“Fiscal responsibility is important to all Trumbull County families and I will continue to make that my number one objective. About 18 months ago the county was considering a sales tax increase. I insisted we hold public hearings first. Commissioner Mauro Cantalamessa and I studied the budget and determined that our insurance and workman’s compensation accounts  were overfunded, compared to the actuarial requirements, by nearly $5 million. We scrapped the tax increase and have been gradually drawing down the overfunded balance, allowing us to maintain services without increasing risk in the insurance accounts.”

“Combining Warren’s 911 services, and coordinating bulk salt purchasing, saved both city and townships money and allowed the county to operate more efficiently. I will look for more shared services opportunities.”

“I pushed to combine the Trumbull County Engineer and Sanitation departments, saving one $80,000 salary, but more importantly, allowing us to work more efficiently. In the past we might repave a road only to have a new sewer line tear it up shortly after. Now these activities are closely coordinated, which saves time, money and people’s frustration.”

“I will continue to be a major supporter of the Trumbull County Land Bank and the critical work they are doing to remove blight from our communities. I am a member of the Land Bank Board, and was proud to recently second the motion to renew the contract with Trumbull Neighborhood Partnership to manage the Land Bank for the next three years. Under their leadership, our Land Bank has been recognized as one of the very best in Ohio. We need the expertise TNP provides, and the pride and positiveness they bring to their work.”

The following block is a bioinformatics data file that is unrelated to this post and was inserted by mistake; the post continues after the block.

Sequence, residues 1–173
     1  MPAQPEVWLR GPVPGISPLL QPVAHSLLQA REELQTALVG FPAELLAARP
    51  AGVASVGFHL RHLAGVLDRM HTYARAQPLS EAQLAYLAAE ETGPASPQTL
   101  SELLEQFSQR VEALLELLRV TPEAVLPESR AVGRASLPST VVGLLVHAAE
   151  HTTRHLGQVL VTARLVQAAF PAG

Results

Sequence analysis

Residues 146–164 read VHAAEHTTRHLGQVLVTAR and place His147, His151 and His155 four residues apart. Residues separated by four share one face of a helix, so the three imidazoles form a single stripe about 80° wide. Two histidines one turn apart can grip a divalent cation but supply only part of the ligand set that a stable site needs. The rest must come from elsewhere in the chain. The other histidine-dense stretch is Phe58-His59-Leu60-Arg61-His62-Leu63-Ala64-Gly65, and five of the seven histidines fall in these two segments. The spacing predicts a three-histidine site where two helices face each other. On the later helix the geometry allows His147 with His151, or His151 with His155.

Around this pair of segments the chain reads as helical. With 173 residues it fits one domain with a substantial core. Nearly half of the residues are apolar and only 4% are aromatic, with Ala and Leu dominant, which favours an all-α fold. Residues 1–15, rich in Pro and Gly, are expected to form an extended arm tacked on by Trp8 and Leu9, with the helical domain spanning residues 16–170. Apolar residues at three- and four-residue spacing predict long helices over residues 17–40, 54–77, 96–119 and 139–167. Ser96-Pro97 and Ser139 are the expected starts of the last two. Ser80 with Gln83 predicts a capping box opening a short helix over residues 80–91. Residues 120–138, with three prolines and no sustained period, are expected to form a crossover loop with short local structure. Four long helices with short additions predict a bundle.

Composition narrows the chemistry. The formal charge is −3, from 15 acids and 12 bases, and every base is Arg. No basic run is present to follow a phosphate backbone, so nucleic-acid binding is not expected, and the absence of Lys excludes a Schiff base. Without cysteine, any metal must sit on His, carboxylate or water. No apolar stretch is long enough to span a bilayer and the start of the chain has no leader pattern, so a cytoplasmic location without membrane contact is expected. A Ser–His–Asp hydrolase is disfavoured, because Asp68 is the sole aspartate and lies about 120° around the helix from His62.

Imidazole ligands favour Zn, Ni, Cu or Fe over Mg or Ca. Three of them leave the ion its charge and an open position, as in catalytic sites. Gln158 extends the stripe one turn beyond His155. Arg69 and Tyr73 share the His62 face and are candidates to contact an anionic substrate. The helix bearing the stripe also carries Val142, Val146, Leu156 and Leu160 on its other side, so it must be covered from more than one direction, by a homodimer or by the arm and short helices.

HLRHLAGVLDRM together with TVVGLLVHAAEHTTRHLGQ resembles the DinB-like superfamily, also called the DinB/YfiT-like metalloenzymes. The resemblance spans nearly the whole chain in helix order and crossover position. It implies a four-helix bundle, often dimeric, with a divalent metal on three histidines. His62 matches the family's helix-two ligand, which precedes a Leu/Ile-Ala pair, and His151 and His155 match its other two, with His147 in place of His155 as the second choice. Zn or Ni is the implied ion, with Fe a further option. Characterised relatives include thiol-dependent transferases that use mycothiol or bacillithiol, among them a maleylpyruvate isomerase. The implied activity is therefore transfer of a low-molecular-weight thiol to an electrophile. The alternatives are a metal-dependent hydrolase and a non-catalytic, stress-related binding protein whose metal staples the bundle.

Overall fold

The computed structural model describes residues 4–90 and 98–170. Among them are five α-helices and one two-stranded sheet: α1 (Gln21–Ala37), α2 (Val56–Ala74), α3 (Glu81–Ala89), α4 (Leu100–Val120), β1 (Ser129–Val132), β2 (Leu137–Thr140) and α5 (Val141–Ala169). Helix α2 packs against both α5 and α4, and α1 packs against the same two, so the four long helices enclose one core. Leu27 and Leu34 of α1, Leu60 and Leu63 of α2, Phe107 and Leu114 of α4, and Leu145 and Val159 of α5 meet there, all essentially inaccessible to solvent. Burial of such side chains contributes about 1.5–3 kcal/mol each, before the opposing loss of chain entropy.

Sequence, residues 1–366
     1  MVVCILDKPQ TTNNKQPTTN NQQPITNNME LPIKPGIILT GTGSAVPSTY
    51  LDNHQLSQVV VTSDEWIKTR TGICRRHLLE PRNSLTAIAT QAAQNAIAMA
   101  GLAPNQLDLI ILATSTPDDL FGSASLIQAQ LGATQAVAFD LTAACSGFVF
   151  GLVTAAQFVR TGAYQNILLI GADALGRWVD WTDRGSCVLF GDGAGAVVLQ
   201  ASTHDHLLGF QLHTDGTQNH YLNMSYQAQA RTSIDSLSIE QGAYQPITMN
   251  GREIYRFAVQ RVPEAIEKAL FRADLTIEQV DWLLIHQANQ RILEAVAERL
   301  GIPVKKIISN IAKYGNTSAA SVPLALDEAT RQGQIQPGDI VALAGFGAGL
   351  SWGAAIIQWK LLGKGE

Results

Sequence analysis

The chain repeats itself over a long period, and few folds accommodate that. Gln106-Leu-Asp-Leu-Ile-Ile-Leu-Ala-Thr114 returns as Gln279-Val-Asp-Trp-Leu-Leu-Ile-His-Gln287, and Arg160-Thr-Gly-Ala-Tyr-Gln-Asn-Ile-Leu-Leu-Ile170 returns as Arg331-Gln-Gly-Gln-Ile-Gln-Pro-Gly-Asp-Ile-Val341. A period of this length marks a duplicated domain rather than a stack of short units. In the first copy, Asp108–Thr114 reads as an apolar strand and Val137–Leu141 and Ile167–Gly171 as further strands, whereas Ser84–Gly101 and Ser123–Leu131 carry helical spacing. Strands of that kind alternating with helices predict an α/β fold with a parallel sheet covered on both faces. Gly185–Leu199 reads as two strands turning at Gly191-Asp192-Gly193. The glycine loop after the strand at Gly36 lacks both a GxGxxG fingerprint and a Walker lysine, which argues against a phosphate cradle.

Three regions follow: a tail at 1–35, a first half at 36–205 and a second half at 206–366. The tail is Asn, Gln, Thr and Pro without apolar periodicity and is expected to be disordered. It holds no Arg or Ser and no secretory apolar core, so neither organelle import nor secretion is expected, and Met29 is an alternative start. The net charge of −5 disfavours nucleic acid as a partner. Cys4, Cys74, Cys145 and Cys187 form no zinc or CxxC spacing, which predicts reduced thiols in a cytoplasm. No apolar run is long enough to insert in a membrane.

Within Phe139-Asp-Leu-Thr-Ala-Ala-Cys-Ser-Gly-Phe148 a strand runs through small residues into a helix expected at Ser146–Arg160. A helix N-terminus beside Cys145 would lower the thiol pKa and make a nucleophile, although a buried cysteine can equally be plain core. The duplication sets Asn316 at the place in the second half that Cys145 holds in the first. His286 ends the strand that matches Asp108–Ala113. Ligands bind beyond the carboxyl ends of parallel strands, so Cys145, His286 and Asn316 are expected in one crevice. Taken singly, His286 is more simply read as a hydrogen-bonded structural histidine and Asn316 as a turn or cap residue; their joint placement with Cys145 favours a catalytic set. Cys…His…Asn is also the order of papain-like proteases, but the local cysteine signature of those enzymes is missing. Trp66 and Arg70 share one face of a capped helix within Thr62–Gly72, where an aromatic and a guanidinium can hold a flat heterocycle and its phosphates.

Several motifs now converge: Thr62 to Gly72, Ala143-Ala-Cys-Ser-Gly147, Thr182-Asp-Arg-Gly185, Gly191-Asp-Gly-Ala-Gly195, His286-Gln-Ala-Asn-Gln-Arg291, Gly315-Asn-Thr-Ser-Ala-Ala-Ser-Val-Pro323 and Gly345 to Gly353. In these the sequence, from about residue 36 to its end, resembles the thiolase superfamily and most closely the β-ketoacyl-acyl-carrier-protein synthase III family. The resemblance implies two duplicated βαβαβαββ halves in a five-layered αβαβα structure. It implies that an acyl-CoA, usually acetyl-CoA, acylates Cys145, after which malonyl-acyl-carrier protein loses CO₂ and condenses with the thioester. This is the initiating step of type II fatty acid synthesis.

“Finally, I will continue to make the county a more business-friendly environment, and to grow our economic development programs, which helped bring the power plant to Lordstown, the Golden Triangle project grant, the embarkation hub at the Vienna air base, and 16.2 miles of bike trails  to Trumbull County.”

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Citizens’ group reaches agreement with Mayor